This marks only the second time Steven Spielberg has affixed his name to an entertainment product. All Spielberg's share of profits will go to charities."It is a treat to join with LEGO to bring this movie-making capability to kids. LEGO Studios is a great first step for kids who may be interested in movie-making someday. It will let kids show others their inventiveness at playful storytelling," Spielberg said.

In addition to the deluxe Spielberg MovieMaker Set, LEGO plans to market seven additional sets, all of which will include unique LEGO pieces to create various action and back-lot scenes.The editing software was developed jointly by Pinnacle Systems and LEGO Media. The editing software is simple yet powerful. It includes a number of transitions, effects and a character generator for simple titling.In addition to the WebCam, which comes included in the MovieMaker Set, there's a USB breakout box with composite in and out ports for families that already have a camcorder.

This enables easy transfer of video to the computer.The LEGO Studios Steven Spielberg MovieMaker Set will be available in November 2000, just in time for the Holiday season and will retail for $180. The add-on sets will become available in January 2001.ClipShow ClipShow provides a solution to the biggest barriers facing Internet video sharing: Translating video into a digital format, and viewing video on the Web.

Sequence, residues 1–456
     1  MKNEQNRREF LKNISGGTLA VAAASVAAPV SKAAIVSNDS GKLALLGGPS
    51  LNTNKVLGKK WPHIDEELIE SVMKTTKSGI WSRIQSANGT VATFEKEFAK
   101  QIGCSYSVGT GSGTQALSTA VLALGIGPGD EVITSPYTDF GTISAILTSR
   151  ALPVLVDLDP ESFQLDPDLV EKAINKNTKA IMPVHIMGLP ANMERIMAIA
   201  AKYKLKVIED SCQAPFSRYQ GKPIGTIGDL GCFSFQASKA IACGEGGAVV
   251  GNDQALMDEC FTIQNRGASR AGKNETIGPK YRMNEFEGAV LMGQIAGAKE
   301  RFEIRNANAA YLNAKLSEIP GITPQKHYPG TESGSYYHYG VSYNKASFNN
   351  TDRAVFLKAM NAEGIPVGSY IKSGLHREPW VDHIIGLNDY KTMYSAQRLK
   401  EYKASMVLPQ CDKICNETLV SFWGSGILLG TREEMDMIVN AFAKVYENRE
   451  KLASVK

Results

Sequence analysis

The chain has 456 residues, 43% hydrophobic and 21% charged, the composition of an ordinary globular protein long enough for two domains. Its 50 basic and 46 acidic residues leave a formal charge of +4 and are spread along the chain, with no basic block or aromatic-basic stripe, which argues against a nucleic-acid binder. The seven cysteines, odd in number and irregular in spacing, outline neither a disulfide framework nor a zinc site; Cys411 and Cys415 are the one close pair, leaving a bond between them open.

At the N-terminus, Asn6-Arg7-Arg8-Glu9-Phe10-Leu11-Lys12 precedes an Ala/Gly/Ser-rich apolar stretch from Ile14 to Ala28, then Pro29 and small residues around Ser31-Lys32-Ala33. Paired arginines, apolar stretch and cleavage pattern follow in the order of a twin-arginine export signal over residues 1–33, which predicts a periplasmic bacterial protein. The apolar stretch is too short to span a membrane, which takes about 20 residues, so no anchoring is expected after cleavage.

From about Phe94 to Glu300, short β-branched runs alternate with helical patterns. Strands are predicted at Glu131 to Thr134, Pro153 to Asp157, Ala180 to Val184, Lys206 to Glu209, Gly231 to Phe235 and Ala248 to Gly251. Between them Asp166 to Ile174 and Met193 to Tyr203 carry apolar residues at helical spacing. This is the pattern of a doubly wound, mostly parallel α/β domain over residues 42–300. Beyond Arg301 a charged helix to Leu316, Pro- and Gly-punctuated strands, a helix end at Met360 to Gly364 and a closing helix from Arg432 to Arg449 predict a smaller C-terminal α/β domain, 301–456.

ClipShow was founded in 1999 by Charles Dauber as a way of sharing videos of his newborn son over the Internet. With ClipShow now you can share all of the precious moments of video that YOU have accumulated to a worldwide audience. There is no software to download or equipment to buy. You can upload or snail-mail your video and ClipShow handles all of the digitizing and streaming to their Web site.

The service is free for a limited time only, so get your tape edited and register today at and show the world your stuff! Web is a site dedicated to teaching new and experienced videographers the basics of streaming media.The site showcases the complete process of shooting, editing and streaming videos in four categories: Shoot, Edit, Compress and Publish.

You will also find streaming media news and reviews. Entry Deadlines The Society of Amateur Videomakers and Cinematographers (SAVAC) is accepting entries through August 15th, 2000 for three video competitions: The Ten Best of the West, SAVAC International Amateur Movie Contest and the SAVAC Magic Moments Contest. Their annual convention will be held in San Jose, CA in October. Download entry forms at savac. or write to Bernard Wood, 439 La Herran Dr., Santa Clara, CA 95051.The American Motion Picture Society is accepting entries through August 31, 2000 for the 71st American International Film and Video Festival. Video entries must be submitted on one of the consumer video formats: 8mm, Hi8, VHS, S-VHS or Mini DV and run no longer than 30 minutes in length. There is an entry fee of $10. For entry forms or more information contact the American Motion Picture Society, 30 Kanan Rd.

, Oak Park, CA 91377-1105.

Felicia Watson